A DS Bus Lines driver, Roger Smith, kept Piper High School choir students safe when they found themselves in the middle of a severe weather outbreak in Wichita on April 29.
The Piper students were going to a choir competition, and Smith navigated around multiple tornadoes in the Wichita area, including a massive EF-3 tornado that caused extensive damage in Andover, Kansas.
Smith was driving south on I-35 towards Wichita, with a bus loaded with 30 students that were members of the Bella Voce and Music’N’Motion varsity choirs from Piper High School. They were on their way to the State Solo and Ensemble Contest.
About 40 miles out from Wichita, the weather began to turn sour, including heavy rain and intense wind. Choir Director Shelly Cole received communication from her colleagues who were already at their hotel in Wichita that tornadoes were confirmed in the area, and that hotel guests had been evacuated to severe weather shelters.
As weather conditions continued to deteriorate on the interstate, Smith did everything he could to try to keep the bus steady, but the ride was shaky enough that some students started to exhibit motion sickness symptoms.
Near the El Dorado, Kansas, turnpike exit (about 18 miles northeast of Andover), the decision was made to try to pull the bus over and seek shelter. But they didn’t have any luck accessing the roadside shelters, so they were forced to attempt to navigate around the severe weather and find shelter elsewhere.
As Smith stayed laser-focused on keeping the bus on the road, tornado warning alerts buzzed across multiple devices in the bus. This indicated that a tornado had been reported nearby. Cole enlisted the help of students Brody Lanter, senior; Jackson Morgan, sophomore; and Brylee Pryz, junior, to assist in monitoring weather radar apps, and navigating Smith to alternative options to seek shelter.
The students found a nearby Walmart, and gave turn-by-turn instructions to Smith to guide him as the bus rattled violently around them. Navigating during this time was particularly challenging because electricity in the area was spotty, and many street lights were inoperable. Upon arriving at the El Dorado Walmart, Smith and Cole ensured that all the students made it safely inside before parking the bus.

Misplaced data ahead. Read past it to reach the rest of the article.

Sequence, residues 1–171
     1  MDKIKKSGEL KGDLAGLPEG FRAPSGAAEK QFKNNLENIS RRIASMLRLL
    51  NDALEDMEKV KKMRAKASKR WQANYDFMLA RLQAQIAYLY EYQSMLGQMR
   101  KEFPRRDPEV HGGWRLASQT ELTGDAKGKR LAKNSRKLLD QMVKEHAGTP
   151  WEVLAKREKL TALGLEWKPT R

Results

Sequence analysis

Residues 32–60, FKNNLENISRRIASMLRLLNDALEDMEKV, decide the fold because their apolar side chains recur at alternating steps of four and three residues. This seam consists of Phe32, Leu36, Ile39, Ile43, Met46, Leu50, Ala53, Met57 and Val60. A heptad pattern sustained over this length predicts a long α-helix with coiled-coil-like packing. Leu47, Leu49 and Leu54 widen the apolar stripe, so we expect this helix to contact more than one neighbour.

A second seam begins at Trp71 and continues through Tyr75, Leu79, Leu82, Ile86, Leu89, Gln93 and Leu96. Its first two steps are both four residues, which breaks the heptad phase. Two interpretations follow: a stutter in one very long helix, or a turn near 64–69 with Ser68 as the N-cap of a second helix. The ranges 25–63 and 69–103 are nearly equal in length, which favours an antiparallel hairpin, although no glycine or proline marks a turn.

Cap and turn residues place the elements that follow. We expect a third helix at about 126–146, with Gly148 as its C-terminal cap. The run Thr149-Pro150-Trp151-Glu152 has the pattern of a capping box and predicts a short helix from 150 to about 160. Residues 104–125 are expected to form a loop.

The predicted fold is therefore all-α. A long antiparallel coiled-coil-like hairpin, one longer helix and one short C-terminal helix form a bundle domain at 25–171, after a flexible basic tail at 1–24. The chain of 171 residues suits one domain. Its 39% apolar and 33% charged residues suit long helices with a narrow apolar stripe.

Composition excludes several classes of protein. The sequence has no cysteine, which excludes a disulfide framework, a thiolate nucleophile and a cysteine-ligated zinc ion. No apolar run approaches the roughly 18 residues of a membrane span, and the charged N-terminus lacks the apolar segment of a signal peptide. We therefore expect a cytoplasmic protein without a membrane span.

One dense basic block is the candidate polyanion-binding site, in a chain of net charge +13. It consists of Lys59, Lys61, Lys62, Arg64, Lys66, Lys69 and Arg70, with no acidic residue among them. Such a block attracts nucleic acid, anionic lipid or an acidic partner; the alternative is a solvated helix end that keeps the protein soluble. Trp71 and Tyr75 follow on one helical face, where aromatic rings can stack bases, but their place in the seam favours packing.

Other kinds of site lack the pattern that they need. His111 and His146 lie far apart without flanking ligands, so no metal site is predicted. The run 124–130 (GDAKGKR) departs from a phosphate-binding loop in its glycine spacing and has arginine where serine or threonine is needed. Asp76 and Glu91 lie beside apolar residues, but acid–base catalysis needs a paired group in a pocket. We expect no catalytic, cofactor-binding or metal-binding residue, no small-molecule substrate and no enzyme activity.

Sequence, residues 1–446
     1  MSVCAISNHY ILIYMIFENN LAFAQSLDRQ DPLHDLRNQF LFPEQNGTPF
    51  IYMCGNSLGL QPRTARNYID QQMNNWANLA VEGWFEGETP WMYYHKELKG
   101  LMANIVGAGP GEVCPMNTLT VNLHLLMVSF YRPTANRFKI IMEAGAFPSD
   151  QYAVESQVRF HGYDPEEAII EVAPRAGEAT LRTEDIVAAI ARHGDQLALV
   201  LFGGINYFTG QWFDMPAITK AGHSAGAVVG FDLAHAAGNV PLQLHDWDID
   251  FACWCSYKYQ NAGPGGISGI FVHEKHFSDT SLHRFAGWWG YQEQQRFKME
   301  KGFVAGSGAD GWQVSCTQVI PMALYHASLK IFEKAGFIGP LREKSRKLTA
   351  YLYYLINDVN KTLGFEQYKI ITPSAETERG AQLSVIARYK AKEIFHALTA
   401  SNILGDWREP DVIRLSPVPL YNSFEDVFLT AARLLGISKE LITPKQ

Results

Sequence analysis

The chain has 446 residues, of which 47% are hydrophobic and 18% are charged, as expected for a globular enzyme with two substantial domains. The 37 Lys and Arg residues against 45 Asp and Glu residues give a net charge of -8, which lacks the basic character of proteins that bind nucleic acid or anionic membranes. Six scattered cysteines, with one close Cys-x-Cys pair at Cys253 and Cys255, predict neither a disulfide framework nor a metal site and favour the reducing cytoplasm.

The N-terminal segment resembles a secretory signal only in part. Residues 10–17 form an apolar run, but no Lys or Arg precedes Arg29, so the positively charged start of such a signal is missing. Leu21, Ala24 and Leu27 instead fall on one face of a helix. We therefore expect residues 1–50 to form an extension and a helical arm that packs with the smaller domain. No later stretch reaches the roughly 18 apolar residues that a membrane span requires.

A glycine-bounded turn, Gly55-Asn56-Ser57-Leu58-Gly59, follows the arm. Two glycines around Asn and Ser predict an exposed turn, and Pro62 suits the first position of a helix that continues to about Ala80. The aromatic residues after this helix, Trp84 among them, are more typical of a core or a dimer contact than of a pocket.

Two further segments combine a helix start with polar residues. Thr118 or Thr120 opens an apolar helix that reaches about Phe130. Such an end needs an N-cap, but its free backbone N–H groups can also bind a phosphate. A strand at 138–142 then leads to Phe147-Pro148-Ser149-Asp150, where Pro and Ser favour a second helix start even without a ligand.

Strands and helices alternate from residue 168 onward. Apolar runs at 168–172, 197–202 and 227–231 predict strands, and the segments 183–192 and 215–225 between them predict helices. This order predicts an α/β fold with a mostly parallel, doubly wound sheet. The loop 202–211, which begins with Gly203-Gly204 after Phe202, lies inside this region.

After the all-clear was given in El Dorado, Smith, Cole, and the choir students made the final leg of their trip into Wichita, with no injuries reported.
“I have been the choir director at Piper for 22 years, and have been teaching for 27 years. This is hands down the scariest thing I have experienced,” Cole recalled.
Smith was grateful for Cole, and the students that helped him get everyone to safety: “They were calm as a cucumber.”
He also remarked on how impressed he was with the bus’s durability: “I’d like to say thank you to Thomas for designing and manufacturing such a strong machine. That bus really took a beating that day, but it held up well.” Smith was driving a Thomas Saf-T-Liner® C2 School Bus during the trip.
Smith, Cole, and the three students who helped navigate were all honored at the May 9 Piper School District school board meeting. Superintendent Dr. Jessica Dain declared, “On behalf of the Piper School District, we want to commend our community heroes, and thank them for their service to the community.”
“At DS Bus, our core values are family, safety, service, and respect,” John Schueler, DS Bus Lines director of safety and training, said. “Our driver Mr. Smith exemplified all four of those values during this experience, especially safety. We never want to hear stories of students getting in harm’s way, but we’re glad in this instance that Mr. Smith, Mrs. Cole, and those brave students kept cool heads and found the way to avoid danger.”
Smith served in the U.S. Air Force for six years, as an electrician for 30 years, and has been driving buses for more than 10- years. He has lived in Kansas most of his life and is no stranger to severe weather.